Columbia TriStar TV Intl. prexy Michael Grindon opines that the current economic slowdown would have to have both “depth and breadth” before it would seriously impact international sales.
Hearst Entertainment prexy Bruce Paisner even points out that “fee-based TV could do very well in a downturn” since folks often tend to stay close to home when the economy softens.
Moreover, the Hollywood heavyweights churn out such a volume of product that even though network series won’t be greenlit until May, they still have a lot to offer buyers in April.
Take 20th Century Fox TV Intl., which is in pole position as the leading supplier of product to U.S. outlets. The division’s exec VP Marion Edwards says Mip is ideal for “alternative fare,” and quickly rattles off an impressive list of shows she’ll be fielding, from “Twisted Tales” for Animal Planet to “Biographies” for A&E.
In addition, Edwards is selling formats of “Temptation Island,” one of the hottest U.S.-originated reality skeins.
Several major studios are pointing to their midseason replacements, which are just debuting on the U.S. networks.
Universal TV’s co-prexy Steve Jarmus thinks “First Years,” a young-skewing series about young lawyers, should catch on abroad.
Grindon boasts “What about Joan?,” toplining Joan Cusack for ABC, while Warner Bros. Intl. TV prexy Jeffrey Schlesinger is hopeful pilots from top talents like John Wells and Chuck Lorre will pique foreign buyers at the L.A. Screenings in June.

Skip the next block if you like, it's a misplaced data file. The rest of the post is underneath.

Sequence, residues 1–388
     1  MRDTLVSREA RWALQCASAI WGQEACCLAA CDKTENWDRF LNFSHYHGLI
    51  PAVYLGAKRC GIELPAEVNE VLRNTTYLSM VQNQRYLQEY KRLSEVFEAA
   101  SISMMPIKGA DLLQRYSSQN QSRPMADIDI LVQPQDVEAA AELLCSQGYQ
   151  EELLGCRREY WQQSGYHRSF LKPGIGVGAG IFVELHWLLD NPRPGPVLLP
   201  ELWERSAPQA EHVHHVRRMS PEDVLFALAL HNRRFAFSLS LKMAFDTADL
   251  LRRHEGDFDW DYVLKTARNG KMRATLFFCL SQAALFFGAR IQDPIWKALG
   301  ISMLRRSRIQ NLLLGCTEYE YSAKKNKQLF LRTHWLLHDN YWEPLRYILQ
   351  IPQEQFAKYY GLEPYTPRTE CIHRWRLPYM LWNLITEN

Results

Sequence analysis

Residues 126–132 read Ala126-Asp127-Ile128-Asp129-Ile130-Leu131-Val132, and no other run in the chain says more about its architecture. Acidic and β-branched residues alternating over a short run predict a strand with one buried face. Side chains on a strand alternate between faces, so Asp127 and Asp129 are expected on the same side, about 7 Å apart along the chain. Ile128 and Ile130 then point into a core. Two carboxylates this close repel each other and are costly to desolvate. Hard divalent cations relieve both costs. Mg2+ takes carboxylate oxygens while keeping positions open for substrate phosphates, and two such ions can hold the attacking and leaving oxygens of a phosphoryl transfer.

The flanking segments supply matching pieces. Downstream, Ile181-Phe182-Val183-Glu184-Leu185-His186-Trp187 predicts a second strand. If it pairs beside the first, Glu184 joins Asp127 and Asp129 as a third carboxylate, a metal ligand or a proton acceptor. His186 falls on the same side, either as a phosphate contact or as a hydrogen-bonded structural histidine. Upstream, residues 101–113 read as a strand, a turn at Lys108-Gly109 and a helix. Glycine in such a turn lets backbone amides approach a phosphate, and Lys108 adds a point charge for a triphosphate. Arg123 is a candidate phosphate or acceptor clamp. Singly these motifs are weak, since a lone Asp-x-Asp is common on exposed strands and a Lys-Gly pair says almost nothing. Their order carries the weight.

Saban Intl. prexy Stan Golden says his company boasts “one of our strongest slates ever,” referring to a half-dozen shows that target kids or tweeners.
“We already know what’s been greenlit by the nets in the kids area, so Mip is an ideal launching pad for us.”
And don’t forget about movies.
“They’re a great way to call attention to your overall output,” says U’s Jarmus. His company is licensing “Gladiator” and “Hannibal” in foreign markets.
Similarly, Edwards says she’ll be talking up her studio’s upcoming slate, which includes “Planet of the Apes” and “Moulin Rouge.”
And DreamWorks worldwide TV topper Hal Richardson has just returned from a Euro trip to talk up his company’s latest pic “Shrek,” which hits the bigscreen this spring. He also has foreign on the Tom Hanks’ hit “Castaway.”
“We’re now delivering the level of product DreamWorks founders aimed for — nine to 12 features a year — and, despite some split rights, most of our foreign station clients are happy with what they’re getting.”
Richardson inked free and pay TV output deals with major players in almost all key foreign territories back in the heady days of 1996 — and is just now beginning the renegotiation process, starting with the U.K.
Finally, Hollywood library product continues to find outlets abroad as more flanker channels come onstream.
“Our library is becoming more and more valuable abroad. We’re selling deeper and deeper (into that library) each year, for higher prices,” says MGM worldwide TV prexy Jim Griffiths.
The Lion has managed to unencumber its rich back catalog in almost all major territories, and is starting to enjoy regular revenue growth from its exploitation.
Griffiths will also use Mip to assess opportunities for further channel launches abroad after debuts in Israel and Turkey last year.